• Credit: Shutterstock/Photomarine
     Credit: Shutterstock/Photomarine

Core Issues Drive China's Global Activities

September 17, 2020
By Robert K. Ackerman
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It’s all about the Middle Kingdom as a geocentric power.


China is steadily pursuing its global goals based on a series of core issues that are not likely to be affected by international actions, said a panel of experts. The United States must take bipartisan actions to boost its own standing relative to China, even if the upcoming election results in a change of parties in the White House come January 2021.

These were among many points introduced by experts in a breakout session during the second day of the AFCEA/INSA Intelligence and National Security Summit being held online September 16-18. They assessed China’s activities in and against the United States and recommended some actions to be taken by U.S. leaders.

Dean Cheng, senior research fellow, Asian Studies Center, Heritage Foundation, explained how China’s core interests are the overriding functions for China to be China. The first is for the Chinese Communist Party to remain in power. The second focuses on territorial integrity and national sovereignty, especially with Hong Kong and Taiwan, and the third is economic development.

One key point is that Asia is not Europe. It has never been marked by balance of power politics. Europe, on the other hand, has seen grand alliances of great powers form to combat a dictator such as Napoleon, Hitler or Stalin. Asia only had one great power: the Middle Kingdom, surrounded by peripheral states.

The growth of information lies at the heart of China’s plans, Cheng said. “The Chinese see us now as living in the information age,” he observed. “The currency of power is now the ability to generate information, move information, analyze information and export information.”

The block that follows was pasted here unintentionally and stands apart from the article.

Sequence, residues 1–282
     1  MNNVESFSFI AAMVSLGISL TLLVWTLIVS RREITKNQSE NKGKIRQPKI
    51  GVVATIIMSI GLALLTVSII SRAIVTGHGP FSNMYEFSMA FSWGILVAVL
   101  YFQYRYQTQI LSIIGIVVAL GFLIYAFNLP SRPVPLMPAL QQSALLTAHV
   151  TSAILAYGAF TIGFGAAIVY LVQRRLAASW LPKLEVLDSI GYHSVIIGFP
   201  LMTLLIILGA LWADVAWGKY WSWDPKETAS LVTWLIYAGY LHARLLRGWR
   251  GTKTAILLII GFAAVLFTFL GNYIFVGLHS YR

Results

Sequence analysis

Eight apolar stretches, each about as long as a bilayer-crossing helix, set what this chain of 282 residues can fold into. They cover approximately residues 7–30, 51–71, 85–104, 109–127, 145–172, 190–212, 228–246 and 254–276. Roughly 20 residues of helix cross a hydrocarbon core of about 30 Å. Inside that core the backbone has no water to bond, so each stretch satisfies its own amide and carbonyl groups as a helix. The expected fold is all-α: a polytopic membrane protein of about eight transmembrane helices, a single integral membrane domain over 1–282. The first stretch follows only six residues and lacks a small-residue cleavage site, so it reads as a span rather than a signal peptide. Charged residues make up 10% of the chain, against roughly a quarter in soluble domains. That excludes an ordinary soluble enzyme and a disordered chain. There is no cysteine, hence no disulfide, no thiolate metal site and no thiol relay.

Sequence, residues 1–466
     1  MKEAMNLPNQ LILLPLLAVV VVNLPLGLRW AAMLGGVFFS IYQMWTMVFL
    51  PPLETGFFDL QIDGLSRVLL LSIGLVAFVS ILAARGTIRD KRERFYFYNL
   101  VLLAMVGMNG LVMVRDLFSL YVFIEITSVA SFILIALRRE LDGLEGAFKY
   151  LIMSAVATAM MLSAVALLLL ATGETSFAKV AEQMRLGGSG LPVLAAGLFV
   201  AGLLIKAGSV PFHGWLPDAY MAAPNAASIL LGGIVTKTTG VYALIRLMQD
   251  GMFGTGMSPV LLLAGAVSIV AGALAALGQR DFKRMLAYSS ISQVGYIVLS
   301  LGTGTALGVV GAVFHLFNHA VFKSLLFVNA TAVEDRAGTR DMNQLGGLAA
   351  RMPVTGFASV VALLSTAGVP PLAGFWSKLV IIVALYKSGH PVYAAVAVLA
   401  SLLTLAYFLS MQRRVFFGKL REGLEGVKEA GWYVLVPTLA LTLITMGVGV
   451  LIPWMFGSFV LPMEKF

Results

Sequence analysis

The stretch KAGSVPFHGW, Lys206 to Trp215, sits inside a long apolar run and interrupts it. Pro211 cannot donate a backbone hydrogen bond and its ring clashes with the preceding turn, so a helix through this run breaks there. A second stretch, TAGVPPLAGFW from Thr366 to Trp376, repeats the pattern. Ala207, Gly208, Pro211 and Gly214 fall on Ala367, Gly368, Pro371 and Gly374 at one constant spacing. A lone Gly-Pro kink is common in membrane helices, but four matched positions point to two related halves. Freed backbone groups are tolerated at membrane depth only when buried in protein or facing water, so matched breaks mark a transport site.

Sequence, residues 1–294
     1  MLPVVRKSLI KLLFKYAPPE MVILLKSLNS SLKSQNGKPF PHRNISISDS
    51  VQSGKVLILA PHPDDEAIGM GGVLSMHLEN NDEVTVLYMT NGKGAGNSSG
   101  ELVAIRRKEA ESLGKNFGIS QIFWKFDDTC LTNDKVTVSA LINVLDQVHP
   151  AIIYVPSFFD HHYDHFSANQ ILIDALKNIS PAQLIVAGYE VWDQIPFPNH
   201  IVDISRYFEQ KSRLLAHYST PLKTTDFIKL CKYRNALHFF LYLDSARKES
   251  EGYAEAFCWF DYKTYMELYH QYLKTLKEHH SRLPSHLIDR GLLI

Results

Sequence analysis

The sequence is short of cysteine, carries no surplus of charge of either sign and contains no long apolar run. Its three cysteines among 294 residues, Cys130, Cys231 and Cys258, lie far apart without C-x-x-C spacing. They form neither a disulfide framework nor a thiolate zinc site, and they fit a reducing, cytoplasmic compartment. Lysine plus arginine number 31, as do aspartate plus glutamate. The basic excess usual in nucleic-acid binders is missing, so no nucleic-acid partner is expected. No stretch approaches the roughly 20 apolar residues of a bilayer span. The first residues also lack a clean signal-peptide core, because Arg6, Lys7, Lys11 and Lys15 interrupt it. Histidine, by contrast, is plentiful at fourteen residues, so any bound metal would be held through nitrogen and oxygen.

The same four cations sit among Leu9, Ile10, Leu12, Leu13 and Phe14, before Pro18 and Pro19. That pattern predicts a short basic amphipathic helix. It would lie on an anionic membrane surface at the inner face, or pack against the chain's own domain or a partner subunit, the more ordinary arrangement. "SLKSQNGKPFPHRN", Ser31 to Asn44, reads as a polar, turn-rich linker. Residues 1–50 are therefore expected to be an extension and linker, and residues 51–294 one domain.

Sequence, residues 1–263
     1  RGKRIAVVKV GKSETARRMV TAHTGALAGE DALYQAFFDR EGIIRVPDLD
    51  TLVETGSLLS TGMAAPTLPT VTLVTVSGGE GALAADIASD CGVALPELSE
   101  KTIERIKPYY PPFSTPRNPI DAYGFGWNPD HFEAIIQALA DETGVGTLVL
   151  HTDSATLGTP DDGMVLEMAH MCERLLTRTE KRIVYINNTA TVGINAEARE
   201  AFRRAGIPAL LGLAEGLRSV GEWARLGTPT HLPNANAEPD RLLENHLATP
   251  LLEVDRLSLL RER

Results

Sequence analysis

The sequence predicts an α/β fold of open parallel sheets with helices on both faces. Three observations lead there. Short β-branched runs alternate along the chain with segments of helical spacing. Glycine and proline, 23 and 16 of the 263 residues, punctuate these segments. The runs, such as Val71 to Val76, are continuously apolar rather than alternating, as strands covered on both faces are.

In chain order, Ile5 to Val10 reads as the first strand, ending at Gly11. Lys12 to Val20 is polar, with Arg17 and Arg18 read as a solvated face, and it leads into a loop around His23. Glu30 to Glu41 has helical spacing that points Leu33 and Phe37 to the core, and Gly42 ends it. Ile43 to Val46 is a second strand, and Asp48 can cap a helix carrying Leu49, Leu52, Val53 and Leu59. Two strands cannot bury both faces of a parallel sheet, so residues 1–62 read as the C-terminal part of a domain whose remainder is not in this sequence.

Information is one of its main goals in the United States, and Jay Bratt, chief, Counterintelligence and Export Control Section, U.S. Justice Department, described efforts to stop the purloining of U.S. military and trade secrets. “We are seeing more Chinese cyber intrusions to exfiltrate secret data, especially in the aerospace industry,” he reported, describing how his organization recently identified and indicted Chinese agents in the United States.

China also is playing a significant role in helping cash-short North Korea, Bratt continued. Chinese front companies have engaged in transactions on behalf of North Korea.

The Middle Kingdom’s strategic actions pose challenges around the globe and in space. Cheng noted that its interactions with neighbors often involve U.S. allies, but a new area of concern is India. While not formally allied with the United States, India is a nuclear power confronting another nuclear power, and border clashes have led to fatalities. Cheng also pointed out that China sees space as a strategic domain, and the United States views space as essential to its own way of warfare. The result is a growing competition there.

“What we are seeing are traditional terrestrial issues, but also in the new domains of space and cyber in particular, we are seeing more and more competition friction between these two great powers,” he stated.

Panelists also discussed the direction that the U.S. government might take if the November election results in a new administration. Some panelists predicted that a Biden administration might soften the U.S. stance against Chinese aggression, given some past statements made by the candidate. However, no clear consensus emerged, with some saying that Vice President Biden’s past statements might not be applicable if he assumes the presidency.

One point floated was that a bipartisan agreement might be brewing in Congress to confront China on its human rights violations, which have become steadily more severe. Other issues such as the supply chain also could draw bipartisan action, panelists said.

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